CAMPAIGNERS have revealed details of the dossier of complaints which led to the UN launching an investigation into allegations of “grave and systematic violations” of disabled people’s human rights in the UK.
Disabled People Against Cuts (DPAC), a grassroots campaign group, has published a list of more than 40 issues which it submitted as evidence to the UN that “attacks are being carried out in every area” of disabled people’s lives by the UK government.
The list ranges from the introduction of the bedroom tax and controversial “fitness for work” tests, to the impact of benefit sanctions and cuts to mobility allowances.
The campaigners say the UN inquiry – the first of its kind – has “great historic importance” and will examine the “vicious and punitive attacks” on disabled people’s independent living, as well as cuts which have led to unnecessary deaths.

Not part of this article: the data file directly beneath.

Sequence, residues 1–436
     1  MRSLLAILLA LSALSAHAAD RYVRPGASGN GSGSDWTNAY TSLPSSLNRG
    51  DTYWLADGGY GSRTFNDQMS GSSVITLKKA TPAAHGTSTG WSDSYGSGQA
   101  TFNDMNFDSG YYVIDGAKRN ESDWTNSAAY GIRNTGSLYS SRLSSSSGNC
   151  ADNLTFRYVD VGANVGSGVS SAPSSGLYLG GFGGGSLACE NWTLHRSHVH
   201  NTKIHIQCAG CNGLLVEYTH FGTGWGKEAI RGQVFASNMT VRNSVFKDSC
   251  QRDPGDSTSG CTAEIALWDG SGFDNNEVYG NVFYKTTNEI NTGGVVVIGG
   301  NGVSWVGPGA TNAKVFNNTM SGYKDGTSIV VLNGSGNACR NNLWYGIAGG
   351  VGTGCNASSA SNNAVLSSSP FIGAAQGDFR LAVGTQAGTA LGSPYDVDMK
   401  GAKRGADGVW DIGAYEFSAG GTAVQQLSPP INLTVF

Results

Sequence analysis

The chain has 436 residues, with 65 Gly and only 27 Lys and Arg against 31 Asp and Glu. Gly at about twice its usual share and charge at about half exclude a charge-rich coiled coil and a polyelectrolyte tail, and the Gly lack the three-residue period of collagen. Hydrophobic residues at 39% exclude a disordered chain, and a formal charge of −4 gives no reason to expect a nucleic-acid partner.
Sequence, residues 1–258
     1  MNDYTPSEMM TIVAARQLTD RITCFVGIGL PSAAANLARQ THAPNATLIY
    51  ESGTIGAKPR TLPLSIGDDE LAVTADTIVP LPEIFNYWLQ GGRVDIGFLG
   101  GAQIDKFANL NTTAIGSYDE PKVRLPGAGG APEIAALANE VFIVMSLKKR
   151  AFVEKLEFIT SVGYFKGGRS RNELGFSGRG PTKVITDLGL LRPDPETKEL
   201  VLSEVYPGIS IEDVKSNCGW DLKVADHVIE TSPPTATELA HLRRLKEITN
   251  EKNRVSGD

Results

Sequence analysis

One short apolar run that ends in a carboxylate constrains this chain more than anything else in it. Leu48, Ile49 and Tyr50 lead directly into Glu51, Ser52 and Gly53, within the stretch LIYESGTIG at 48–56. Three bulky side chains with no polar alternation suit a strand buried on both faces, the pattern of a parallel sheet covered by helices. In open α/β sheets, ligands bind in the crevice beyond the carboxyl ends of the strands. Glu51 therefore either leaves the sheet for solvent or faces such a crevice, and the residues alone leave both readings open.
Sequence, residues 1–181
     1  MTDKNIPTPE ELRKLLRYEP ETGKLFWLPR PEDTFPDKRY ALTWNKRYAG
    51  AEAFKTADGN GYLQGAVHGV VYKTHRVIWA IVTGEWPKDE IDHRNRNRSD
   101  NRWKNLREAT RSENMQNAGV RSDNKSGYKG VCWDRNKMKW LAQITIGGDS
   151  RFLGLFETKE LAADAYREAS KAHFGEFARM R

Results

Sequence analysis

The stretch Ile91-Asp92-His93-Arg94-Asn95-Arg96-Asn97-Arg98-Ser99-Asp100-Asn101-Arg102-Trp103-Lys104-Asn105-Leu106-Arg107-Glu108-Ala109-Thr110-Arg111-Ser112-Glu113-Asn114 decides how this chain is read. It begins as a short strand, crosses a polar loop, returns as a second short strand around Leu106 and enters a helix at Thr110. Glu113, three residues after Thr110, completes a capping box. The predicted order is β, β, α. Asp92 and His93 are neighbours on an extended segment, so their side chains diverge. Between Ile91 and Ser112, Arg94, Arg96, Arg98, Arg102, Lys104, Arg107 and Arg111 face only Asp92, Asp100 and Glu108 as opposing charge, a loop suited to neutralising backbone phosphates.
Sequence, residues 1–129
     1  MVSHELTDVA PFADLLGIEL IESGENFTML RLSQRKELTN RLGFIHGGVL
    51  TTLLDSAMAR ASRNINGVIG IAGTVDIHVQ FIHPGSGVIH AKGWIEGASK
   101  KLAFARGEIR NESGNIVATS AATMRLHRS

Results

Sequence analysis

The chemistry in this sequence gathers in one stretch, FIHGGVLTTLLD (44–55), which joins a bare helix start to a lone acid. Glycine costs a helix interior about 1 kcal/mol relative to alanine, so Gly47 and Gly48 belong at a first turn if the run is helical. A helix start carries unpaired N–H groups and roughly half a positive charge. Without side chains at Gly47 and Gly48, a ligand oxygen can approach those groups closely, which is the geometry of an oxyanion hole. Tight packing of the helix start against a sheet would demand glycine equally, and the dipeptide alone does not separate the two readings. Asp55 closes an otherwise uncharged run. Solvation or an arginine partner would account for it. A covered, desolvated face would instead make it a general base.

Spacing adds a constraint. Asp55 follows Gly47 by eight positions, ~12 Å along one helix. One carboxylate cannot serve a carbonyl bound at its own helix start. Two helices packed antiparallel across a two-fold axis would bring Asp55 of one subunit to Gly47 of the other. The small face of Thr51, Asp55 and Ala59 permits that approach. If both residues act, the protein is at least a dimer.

Last week the Sunday Herald revealed how UN officials will visit the UK in the next few months, following the launch of the formal investigation by the UN’s Committee on the Rights of Persons with Disabilities (CRPD).
Scottish disability charity Inclusion Scotland said it has been advised a visit by the Special Rapporteur and members of the committee on the rights of persons with disabilities is expected in the “near future”.